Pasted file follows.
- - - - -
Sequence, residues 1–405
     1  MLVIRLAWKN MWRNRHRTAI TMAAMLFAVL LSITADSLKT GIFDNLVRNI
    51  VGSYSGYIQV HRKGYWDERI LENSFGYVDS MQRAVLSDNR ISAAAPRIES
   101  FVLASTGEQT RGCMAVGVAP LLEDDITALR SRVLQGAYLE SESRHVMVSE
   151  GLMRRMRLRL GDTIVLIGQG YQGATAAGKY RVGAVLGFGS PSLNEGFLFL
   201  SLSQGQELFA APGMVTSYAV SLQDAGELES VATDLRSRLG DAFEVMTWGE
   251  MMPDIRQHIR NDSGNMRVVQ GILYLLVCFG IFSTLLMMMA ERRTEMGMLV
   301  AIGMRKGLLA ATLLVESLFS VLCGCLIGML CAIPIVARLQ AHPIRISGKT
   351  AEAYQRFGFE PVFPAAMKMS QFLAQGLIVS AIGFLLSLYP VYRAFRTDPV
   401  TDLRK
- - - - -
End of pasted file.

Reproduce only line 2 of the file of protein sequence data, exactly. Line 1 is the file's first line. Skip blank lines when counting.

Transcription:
     1  MLVIRLAWKN MWRNRHRTAI TMAAMLFAVL LSITADSLKT GIFDNLVRNI